For A-S  dist=46  use A-S
For A-B  dist=30  use A-C-B
For A-C  dist=20  use A-C
For A-D  dist=20  use A-D

For B-S  dist=55  use B-S
For B-A  dist=30  use B-C-A
For B-C  dist=10  use B-C
For B-D  dist=50  use B-C-A-D

For C-S  dist=65  use C-B-S
For C-A  dist=20  use C-A
For C-B  dist=10  use C-B
For C-D  dist=40  use C-A-D

For D-S  dist=66  use D-A-S
For D-A  dist=20  use D-A
For D-B  dist=50  use D-A-C-B
For D-C  dist=40  use D-A-C

Having a dictionary of paths keyed by their start-end is very useful. In this form it is simple to pick apart the segments with their distances as well. We could give driving directions with the distance of each segment.

Also, a minor point. If we have a path for B-D (B-C-A-D) stored, we really don't need to compute and store the path for D-B. Just reverse the key and reverse the value.

Running the program

The function main is invoked when run from the terminal window. The first argument is always the graph file to be imported (without .py) and the second is the display mode (text, all, pygame). A third argument is needed for text and pygame modes to indicate the source node.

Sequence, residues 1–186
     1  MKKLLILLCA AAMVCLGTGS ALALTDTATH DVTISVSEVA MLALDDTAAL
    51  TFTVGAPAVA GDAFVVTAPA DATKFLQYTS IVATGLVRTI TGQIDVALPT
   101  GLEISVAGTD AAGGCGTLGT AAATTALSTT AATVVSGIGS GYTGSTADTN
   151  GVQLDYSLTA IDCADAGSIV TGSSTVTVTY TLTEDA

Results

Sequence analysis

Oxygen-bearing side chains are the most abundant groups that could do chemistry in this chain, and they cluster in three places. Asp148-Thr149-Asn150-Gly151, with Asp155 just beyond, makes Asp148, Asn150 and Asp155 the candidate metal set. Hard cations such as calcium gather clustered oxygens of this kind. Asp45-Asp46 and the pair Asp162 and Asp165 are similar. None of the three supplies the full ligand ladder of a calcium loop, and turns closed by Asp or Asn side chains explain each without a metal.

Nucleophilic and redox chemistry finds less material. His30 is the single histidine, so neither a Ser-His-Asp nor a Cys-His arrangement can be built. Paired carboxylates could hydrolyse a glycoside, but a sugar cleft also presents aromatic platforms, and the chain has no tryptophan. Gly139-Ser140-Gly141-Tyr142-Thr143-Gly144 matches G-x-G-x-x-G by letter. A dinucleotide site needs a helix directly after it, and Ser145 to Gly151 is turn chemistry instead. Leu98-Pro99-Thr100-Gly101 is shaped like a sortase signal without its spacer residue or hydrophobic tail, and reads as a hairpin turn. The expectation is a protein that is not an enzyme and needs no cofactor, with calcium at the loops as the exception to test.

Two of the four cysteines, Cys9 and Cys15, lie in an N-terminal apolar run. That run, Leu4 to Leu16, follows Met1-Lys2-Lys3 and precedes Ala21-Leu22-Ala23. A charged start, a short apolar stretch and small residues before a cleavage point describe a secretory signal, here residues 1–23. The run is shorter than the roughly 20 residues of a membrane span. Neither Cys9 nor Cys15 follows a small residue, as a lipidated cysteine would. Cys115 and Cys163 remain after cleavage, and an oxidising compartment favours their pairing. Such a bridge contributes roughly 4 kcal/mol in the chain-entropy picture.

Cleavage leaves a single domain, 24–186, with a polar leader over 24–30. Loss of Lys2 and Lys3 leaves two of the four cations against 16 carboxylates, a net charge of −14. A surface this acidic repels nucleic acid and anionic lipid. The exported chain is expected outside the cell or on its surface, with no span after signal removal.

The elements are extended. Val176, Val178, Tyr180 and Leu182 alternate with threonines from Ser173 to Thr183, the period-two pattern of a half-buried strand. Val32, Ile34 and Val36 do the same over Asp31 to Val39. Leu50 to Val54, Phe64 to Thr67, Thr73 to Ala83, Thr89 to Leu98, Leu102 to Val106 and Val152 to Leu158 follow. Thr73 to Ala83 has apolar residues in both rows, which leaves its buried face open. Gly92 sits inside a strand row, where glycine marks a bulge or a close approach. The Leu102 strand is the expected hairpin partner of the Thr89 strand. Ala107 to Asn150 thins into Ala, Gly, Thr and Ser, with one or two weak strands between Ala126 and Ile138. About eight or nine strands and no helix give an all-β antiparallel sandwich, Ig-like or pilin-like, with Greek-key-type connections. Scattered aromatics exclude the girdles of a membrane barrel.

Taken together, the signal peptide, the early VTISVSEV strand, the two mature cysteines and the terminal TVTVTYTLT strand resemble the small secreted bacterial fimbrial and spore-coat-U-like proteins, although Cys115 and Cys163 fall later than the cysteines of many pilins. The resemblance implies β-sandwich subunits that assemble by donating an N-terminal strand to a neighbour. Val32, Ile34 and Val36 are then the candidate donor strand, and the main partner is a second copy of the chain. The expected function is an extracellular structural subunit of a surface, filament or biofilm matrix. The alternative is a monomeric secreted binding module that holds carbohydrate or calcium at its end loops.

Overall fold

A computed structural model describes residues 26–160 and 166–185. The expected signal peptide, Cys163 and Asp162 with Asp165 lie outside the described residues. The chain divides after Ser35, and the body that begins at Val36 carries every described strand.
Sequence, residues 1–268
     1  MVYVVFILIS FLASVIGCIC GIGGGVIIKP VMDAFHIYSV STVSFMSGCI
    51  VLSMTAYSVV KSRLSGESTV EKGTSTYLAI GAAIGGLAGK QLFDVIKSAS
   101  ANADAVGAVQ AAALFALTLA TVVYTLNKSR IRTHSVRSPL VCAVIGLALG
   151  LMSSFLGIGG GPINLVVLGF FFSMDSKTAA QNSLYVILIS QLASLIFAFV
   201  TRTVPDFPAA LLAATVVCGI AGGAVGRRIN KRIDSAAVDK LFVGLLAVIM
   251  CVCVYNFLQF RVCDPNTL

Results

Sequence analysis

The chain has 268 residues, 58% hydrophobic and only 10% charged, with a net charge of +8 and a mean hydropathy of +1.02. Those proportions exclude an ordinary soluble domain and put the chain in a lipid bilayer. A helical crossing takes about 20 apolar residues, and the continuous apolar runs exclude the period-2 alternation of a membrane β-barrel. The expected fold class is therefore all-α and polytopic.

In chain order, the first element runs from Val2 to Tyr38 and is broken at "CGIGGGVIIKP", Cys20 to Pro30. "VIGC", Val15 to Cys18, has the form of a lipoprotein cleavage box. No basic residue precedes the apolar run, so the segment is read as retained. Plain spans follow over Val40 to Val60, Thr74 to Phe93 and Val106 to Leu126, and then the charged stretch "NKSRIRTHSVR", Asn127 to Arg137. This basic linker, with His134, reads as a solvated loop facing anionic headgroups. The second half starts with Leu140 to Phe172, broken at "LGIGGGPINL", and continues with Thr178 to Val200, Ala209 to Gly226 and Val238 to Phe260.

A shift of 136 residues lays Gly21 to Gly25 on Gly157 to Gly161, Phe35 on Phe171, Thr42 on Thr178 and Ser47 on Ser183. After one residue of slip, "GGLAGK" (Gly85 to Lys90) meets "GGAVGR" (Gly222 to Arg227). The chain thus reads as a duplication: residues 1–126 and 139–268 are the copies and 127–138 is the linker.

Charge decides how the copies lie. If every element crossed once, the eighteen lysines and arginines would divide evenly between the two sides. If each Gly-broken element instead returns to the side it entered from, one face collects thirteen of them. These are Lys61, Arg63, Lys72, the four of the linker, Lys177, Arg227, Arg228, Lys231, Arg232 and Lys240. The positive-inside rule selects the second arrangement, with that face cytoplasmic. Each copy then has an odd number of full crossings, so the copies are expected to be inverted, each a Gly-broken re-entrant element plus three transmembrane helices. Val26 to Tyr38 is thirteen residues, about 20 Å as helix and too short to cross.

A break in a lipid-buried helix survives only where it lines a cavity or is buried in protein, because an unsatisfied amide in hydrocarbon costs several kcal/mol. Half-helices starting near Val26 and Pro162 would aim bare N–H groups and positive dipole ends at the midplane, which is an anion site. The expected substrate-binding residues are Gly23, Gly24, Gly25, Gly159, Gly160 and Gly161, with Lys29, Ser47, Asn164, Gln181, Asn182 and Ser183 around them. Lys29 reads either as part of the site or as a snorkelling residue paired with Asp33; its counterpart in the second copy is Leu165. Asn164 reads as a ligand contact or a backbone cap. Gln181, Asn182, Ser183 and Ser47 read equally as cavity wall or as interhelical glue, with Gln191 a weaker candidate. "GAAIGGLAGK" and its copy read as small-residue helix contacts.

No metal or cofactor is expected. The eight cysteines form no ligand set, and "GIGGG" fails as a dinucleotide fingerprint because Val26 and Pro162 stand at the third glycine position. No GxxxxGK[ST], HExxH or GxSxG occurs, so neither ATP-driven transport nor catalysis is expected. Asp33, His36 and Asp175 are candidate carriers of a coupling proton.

88 def main()  :
89     global display
90     displayMode = argv[2]
91     nodes, nodeDict = graph.makeGraph(Node)
92     if displayMode == "all" :
93         display = displayOff
94         paths = findAllPaths(nodes)
95     else :
96         source = argv[3]
97         if displayMode == "pygame" :
98             import display_pygame
99             display = display_pygame.display
100             findPaths(nodes, nodeDict[source])
101             display_pygame.display_close()
102         else :
103             display = displayText
104             findPaths(nodes, nodeDict[source])
105
106 if __name__ == "__main__" : main()

Running Dijkstra in Graphic mode.

The module display_pygame.py provides a display function that created the images and gif seen at the beginning. We wont go into detail here. The use of the pygame graphics is explained the "Minimum spanning tree" project and its use here is similar. If you have pygame installed then the following commands are some examples.

$ python dijkstra.py graph_1 pygame S pixels=300
Hit Return to Continue

$ python dijkstra.py graph_2 pygame S pixels=400
Hit Return to Continue

$ python dijkstra.py graph_1 S pixels=300 maxpics=25 prefix=graf1 gif=1 fontsize=24

You can download the zip file for dijkstra here

If you have comments or suggestions You can email me at mail me

Copyright © 2014-2019 Chris Meyers